Devin Fontenot crouched in front of the mound at Alex Box Stadium and shoved his face into the crook of his arm. His back heaved up and down. Florida State's players ran through the infield, tossing water and hats, celebration beside LSU’s heartbreak.
Fontenot had delivered his greatest performance during the NCAA super regional on Sunday night, one that might have been discussed for a decade, maybe longer. He reached career-highs in innings, in pitches, in strikeouts. He didn’t allow a hit until the 12th.
This season that began with expectations of the College World Series and a seventh national title had ended in a 5-4 loss to Florida State. Some players collapsed onto the dirt. Others gaped. Many cried. Fontenot sobbed.
Coach Paul Mainieri ran to Fontenot’s side. He held the sophomore pitcher by his shoulders and ushered him off the field. The crowd stood and applauded. Fontenot threw 6 ⅓ shutout innings until Florida State third baseman Drew Mendoza hit a game-winning single.
“He feels like he lost the game for our team,” Mainieri said. “I didn't want him to feel that way. I didn't want to see the kid out there by himself in pain.
Mainieri paused. His eyes welled with tears.
“That's all I could think to do.”
The Tigers battled Florida State in the second game of the super regional on Sunday, but ultimately dropped the game and ended their season.
Trying to force a deciding Game 3, early mistakes loomed after the loss. When Florida State loaded the bases in the second inning, pitcher Landon Marceaux induced a ground ball to first baseman Cade Beloso. He stepped on the bag and threw home.
Catcher Saul Garza caught the ball and reached for the runner. The ball slid out of Garza's glove as he applied the tag. Florida State took a one-run lead.
Marceaux gave up two more singles before he ended the inning. The Seminoles sent eight batters to the plate, singled four times and pulled ahead 3-0. Marceaux’s start ended in the fourth after he allowed another run.
In the sixth inning, LSU cut the lead to 4-2. But the Tigers had runners on second and third with one out and neither scored. As center fielder Zach Watson batted, freshman Giovanni DiGiacomo wandered too far from third base. Florida State catcher Matheu Nelson threw him out, taking a potential run off the field for the second out.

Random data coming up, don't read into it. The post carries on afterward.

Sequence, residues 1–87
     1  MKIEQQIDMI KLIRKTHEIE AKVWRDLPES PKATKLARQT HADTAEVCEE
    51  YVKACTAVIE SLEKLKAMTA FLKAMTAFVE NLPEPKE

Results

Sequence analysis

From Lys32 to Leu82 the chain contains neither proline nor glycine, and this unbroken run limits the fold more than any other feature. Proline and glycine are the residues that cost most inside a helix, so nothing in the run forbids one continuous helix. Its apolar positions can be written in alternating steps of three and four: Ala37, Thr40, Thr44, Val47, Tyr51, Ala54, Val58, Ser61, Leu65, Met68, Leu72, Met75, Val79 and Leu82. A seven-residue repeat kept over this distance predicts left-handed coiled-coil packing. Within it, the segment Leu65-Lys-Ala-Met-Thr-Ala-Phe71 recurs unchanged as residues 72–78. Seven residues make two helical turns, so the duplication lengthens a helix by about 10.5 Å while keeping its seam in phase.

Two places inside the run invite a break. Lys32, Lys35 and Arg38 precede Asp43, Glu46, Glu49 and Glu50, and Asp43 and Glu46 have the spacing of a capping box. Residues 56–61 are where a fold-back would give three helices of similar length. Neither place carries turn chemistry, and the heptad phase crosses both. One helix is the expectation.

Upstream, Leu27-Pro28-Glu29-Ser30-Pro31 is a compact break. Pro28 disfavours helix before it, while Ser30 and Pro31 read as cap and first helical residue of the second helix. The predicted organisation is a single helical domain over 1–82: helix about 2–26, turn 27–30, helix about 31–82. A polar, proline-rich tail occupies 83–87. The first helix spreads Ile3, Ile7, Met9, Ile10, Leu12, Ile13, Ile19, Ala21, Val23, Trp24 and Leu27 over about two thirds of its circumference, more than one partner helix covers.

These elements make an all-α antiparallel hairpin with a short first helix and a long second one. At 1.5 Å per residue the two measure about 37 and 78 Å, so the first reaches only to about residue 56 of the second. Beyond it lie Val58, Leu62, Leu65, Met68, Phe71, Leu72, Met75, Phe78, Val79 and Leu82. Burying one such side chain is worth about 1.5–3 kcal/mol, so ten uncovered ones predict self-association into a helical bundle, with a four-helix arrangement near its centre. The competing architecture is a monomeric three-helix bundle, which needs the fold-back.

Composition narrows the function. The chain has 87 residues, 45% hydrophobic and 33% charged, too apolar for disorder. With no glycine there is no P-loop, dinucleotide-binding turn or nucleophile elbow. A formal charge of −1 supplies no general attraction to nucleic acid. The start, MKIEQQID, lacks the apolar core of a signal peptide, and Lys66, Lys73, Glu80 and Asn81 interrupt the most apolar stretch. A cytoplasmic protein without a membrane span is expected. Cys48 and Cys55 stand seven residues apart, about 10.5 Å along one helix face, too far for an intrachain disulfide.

This wasn’t the way it was supposed to end for the LSU baseball team.
"If I would have told him to play it like there was nobody out," Mainieri said, "he wouldn't have exposed himself to being picked off."
The Tigers, the visitors for game 2 of the super regional, trailed 4-2 until the eighth inning. A comeback from a team that set a school record for game-winning hits felt inevitable. Shortstop Josh Smith hit a leadoff double.
With one out, senior right fielder Antoine Duplantis dropped a double near the left-field line. Smith scored, bringing LSU within a run, and Florida State removed starting pitcher CJ Van Eyk.
During the pitching change, Todd Peterson and Clay Moffitt stood in front of the LSU dugout waving their arms. Moffitt stuck out his tongue and shook it. The Tigers waited, and when play resumed, left fielder Daniel Cabrera singled to put runners on the corners.
Watson came to the plate, hitless in his previous three at-bats. He smacked a single into left field. Duplantis trotted home. The crowd ignited. Tie game was tied.
Watson tried to take second base but he was thrown out, a tight call that stood after review. The Tigers left Cabrera on third. They didn’t put another runner in scoring position.
Fontenot entered in the sixth. LSU had pitchers ready in the bullpen, but Fontenot came back out for the 12th inning without having allowed a hit. He had slapped his chest and strutted off the mound after strikeouts. He had pitched the game of his life.
"It was his ball game,” Mainieri said. “He was a man possessed.”
After doubling his season-high with a 10th strikeout, Fontenot gave up a single to Florida State shortstop Mike Salvatore, who advanced to second base on a wild pitch. Then Fontenot struck out another batter.
Mainieri considered walking Mendoza, Florida State's best power hitter, with first base open. He thought about it hard. Robby Martin, who had a .322 batting average, waited in the on-deck circle. Mendoza had 69 strikeouts this season and one hit during the game. LSU went after him.
"I thought we could throw fastballs by Mendoza," Mainieri said.
With two outs in a 2-2 count, Mendoza singled into right field. Duplantis heaved the ball toward home plate. It came too late. Salvatore scored. The game ended. So did the season.
Antoine Duplantis heaved a throw into the infield.
As Florida State dog-piled, the Tigers comforted one another. They grabbed each other's backs. They pulled themselves off the ground. The season had begun with a No. 1 ranking. It ended in misery.
"I don't think this team ever quit, right until the end," Duplantis said. "That's what made this team special."
This group will split now, some players going to professional futures while others end their baseball careers and the underclassmen prepare for next year. The celebration continued behind them, and the Tigers walked off the field together, all teammates for the last time.